First, off we know what you might be thinking;

“There is no way that any of those players from ___ to 300 will get into the Hall of Fame.”.

We agree.  It isn’t likely to happen.  Obviously, we love lists, and that is, and always will be, the crux of what we do.  Think of them as a great batch of players, all of which were damned good and any bottom 25 of whomever is on our 300 (providing there is a Goalie there) could win a Stanley Cup.  

Let’s move on…

We have not just added new entries up to 300, but retooled those that were already listed.

The first thing we did was remove the four former players who were inducted into the Class of 2020.  That consisted of Jarome Iginla (#1), Marion Hossa (#10), Doug Wilson (#14) and Kevin Lowe (#37).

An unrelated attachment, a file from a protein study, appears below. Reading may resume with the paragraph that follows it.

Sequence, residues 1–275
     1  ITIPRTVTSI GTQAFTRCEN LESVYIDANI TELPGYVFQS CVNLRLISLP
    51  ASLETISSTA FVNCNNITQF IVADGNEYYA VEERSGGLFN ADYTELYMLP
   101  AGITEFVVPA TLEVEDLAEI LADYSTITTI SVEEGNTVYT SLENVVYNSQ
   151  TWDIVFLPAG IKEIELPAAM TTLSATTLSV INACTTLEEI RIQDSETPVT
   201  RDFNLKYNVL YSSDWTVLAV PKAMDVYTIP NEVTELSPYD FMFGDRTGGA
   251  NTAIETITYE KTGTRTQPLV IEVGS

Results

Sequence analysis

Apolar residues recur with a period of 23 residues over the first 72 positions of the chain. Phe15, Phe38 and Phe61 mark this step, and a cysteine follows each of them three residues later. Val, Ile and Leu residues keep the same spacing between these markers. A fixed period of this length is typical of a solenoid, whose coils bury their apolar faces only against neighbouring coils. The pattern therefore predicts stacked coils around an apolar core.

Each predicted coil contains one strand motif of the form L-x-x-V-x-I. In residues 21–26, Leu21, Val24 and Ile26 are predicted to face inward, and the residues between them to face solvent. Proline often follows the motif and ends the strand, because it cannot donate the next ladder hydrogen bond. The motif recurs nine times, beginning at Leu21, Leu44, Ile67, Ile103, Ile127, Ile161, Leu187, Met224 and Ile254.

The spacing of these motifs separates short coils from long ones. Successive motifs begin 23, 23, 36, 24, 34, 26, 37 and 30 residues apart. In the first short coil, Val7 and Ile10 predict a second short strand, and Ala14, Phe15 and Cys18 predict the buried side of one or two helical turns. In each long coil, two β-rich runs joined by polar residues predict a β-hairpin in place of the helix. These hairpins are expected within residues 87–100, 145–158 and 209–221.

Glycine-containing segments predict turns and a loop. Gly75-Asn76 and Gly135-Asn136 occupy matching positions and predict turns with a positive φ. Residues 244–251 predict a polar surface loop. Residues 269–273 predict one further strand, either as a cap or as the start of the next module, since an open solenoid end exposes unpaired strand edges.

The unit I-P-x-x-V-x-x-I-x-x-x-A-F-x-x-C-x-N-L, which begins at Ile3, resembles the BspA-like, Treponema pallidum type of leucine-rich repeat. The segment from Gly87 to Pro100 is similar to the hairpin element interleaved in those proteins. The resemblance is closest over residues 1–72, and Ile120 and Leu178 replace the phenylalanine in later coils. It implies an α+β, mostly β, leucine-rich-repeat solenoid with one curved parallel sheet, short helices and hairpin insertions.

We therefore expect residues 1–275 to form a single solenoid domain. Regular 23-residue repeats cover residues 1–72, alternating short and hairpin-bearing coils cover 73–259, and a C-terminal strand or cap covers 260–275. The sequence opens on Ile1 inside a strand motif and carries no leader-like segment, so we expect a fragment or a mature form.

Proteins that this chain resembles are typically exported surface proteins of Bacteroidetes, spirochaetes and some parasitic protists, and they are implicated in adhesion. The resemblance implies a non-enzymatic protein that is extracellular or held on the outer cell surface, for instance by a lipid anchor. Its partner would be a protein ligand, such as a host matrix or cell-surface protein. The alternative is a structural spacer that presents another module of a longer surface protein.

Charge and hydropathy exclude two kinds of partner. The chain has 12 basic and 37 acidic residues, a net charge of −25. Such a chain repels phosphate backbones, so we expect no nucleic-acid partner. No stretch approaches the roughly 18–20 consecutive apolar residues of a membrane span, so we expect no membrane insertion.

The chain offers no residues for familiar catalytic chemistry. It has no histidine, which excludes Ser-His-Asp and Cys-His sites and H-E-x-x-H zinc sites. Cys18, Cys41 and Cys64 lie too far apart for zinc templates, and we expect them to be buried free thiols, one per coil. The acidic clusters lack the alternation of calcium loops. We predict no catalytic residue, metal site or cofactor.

We then added the new entries who are now eligible for the Class of 2021.  Afterwards, we altered rankings based on your comments and votes.

Before we continue, please note that the Hockey Hall of Fame recently announced that due to the pandemic, they have pushed back the Class of 2020 ceremony to November of next year.  Hall of Fame Chairman, Lanny McDonald said that there might be a dual ceremony with the Class of 2021, or that the 2021 Class might not happen at all.  We certainly are praying that the latter is not the case.

Please note that we do not currently rank women, coaches or builders, although we do have Don Cherry listed.  That is our only exception, which is grandfathered in.

The entire list can be found here, but here is the revised top ten: